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The backstory: India has been on a mission to amp up its chip production and stop relying so much on foreign manufacturers like the US and China. The nation even created a US$10 billion fund to attract investors to the sector. It's all part of Prime Minister Narendra Modi's "Make in India" campaign that kicked off back in 2014. The goal? To turn heads, attract investments and give India the extra oomph it needs to be a global exporting powerhouse. And it seems like several companies are interested and making plans to set up semiconductor factories in India.
More recently: Foxconn is the Taiwanese manufacturing giant behind Apple products. Last September, Indian conglomerate Vedanta announced it would partner with Foxconn to build display and chipmaking facilities in India’s Gujarat. But their plans hit a hurdle during negotiations with European chipmaker STMicroelectronics, which they were trying to bring in as a partner
A few weeks ago, Vedanta was fined by India's market regulator for violating disclosure rules. Basically, Vedanta got into trouble by making it seem like it was teaming up directly with Foxconn when the deal was actually being handled by Vedanta's holding company, Volcan Investments.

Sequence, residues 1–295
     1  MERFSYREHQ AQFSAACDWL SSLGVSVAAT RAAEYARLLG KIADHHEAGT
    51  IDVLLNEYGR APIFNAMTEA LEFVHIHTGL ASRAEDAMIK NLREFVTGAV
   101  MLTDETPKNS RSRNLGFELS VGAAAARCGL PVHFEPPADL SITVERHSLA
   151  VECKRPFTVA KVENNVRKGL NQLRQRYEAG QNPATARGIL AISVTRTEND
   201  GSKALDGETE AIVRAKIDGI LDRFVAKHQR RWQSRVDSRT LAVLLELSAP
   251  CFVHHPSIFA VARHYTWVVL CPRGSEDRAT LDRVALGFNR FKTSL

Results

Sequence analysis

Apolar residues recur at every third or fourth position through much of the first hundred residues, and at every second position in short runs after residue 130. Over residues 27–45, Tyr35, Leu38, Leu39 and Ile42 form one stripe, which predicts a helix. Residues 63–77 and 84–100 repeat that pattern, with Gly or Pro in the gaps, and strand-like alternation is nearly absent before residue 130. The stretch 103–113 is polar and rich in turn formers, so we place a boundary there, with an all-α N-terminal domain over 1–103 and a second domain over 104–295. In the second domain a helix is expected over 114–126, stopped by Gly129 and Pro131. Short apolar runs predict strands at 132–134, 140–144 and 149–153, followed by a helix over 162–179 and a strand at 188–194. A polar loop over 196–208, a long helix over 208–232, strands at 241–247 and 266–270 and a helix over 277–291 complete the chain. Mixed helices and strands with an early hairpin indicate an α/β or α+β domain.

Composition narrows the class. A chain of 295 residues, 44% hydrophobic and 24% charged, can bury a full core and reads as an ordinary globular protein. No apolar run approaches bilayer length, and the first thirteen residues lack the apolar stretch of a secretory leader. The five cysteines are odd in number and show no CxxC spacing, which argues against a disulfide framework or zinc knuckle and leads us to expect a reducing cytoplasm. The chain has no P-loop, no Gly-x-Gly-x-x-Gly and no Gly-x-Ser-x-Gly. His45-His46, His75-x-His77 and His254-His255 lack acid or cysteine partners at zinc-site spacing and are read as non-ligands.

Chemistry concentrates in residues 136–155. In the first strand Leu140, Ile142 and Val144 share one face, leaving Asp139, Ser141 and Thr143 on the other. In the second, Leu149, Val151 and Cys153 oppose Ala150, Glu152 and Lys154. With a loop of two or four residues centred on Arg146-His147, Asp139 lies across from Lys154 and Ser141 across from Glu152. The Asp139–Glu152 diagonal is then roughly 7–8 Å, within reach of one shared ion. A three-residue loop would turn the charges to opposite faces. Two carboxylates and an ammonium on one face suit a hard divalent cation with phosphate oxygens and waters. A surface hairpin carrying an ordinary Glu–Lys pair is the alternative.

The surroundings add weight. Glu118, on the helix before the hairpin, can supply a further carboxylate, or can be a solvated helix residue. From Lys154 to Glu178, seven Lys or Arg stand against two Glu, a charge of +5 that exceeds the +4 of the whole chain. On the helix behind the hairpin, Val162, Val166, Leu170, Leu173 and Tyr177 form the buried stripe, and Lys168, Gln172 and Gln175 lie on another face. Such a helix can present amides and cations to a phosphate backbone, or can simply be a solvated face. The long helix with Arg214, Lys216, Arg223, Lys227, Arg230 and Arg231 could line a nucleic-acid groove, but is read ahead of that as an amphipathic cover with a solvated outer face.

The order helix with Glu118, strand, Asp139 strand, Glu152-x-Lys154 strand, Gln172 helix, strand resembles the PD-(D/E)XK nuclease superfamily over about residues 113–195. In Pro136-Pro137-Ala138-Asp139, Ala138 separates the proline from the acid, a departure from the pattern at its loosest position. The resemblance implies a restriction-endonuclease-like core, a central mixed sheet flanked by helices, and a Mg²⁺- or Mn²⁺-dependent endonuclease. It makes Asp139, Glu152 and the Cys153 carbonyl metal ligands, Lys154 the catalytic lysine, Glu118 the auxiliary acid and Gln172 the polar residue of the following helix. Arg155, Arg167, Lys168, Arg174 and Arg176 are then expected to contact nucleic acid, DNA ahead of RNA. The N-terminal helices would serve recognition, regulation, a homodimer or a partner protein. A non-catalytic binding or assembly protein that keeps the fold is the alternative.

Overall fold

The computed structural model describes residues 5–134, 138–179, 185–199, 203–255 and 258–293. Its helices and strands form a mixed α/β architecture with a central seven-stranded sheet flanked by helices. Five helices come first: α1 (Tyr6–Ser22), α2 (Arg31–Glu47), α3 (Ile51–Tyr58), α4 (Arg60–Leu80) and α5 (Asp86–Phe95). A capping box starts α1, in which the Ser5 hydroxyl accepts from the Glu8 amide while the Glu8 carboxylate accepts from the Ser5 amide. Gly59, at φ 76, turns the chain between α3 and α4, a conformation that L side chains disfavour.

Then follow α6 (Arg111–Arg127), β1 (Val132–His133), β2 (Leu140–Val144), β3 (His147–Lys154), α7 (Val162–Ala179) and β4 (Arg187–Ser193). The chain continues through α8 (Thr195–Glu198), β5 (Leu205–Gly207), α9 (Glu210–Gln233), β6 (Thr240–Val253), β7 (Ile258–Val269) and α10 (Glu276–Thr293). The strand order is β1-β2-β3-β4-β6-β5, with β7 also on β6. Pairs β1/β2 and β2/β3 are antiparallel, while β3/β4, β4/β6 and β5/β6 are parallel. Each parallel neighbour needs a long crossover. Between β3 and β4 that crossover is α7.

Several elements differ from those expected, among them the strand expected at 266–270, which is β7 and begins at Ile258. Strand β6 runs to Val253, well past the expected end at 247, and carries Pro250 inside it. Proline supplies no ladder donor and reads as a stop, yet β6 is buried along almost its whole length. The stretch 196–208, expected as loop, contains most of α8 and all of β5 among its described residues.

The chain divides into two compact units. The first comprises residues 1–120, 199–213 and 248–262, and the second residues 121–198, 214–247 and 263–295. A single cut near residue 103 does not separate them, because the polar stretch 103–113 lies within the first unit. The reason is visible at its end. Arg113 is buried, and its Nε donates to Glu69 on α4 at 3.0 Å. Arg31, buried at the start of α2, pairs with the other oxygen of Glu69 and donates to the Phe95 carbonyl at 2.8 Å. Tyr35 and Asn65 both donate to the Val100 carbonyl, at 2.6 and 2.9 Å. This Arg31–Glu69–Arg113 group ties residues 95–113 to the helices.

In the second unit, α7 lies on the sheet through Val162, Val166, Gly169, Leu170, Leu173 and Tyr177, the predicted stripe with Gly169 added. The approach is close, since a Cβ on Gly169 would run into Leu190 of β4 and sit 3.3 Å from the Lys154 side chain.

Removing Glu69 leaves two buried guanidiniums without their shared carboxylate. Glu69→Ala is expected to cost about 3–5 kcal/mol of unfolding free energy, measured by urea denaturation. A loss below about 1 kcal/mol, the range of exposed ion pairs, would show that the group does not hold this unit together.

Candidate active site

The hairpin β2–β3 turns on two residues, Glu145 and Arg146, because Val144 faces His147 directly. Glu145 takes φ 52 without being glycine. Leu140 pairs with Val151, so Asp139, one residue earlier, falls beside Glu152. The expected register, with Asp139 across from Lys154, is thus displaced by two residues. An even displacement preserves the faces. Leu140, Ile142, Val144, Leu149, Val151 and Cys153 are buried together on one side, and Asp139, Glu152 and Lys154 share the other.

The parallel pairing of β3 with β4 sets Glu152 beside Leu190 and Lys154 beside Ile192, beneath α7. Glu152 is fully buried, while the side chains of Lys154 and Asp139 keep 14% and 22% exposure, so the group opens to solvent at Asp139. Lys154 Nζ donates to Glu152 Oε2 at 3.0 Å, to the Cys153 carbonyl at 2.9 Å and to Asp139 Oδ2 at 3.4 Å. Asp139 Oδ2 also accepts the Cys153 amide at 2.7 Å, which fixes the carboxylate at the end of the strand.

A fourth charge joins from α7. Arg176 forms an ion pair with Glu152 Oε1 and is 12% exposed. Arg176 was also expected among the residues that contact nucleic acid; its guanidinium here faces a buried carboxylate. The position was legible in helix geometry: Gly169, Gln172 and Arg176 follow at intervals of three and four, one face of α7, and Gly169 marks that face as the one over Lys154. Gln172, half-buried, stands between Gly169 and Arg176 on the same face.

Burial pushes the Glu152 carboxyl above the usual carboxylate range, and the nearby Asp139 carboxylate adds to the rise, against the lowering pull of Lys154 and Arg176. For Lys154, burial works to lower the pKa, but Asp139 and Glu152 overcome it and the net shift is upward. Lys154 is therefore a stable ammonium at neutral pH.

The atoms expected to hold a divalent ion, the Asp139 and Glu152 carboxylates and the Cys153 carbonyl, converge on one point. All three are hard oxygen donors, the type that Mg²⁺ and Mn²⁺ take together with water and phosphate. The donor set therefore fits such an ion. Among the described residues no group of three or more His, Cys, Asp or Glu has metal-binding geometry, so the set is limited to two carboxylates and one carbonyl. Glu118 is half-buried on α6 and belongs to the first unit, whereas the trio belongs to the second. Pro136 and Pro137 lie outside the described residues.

The development: Foxconn just announced that it’s pulling out of the joint venture. It said that it had been collaborating with Vedanta for over a year, working on semiconductor ideas. But both companies mutually decided to end the joint venture, and now Vedanta will own it completely, as it’s taking it over from its holding company.
Vedanta, on the other hand, is still committed to the project and said it’s already lined up new partners to make it happen. Sources familiar with the matter suggested to Reuters that Foxconn's decision was because of concerns over government incentives taking a long time to approve. The Indian government had questions about the cost estimates provided, which may have been one reason for Foxconn pulling out.
"Foxconn has determined it will not move forward on the joint venture with Vedanta," said Foxconn in a statement.
“This deal falling through is definitely a setback for the ‘Make in India’ push,” said Neil Shah, Vice President of research at Counterpoint, adding that it also does not reflect well on Vedanta and "raises eyebrows and doubts for other companies."
“There was recognition from both sides that the project was not moving fast enough, there were challenging gaps we were not able to smoothly overcome, as well as external issues unrelated to the project,” said Foxconn in a statement.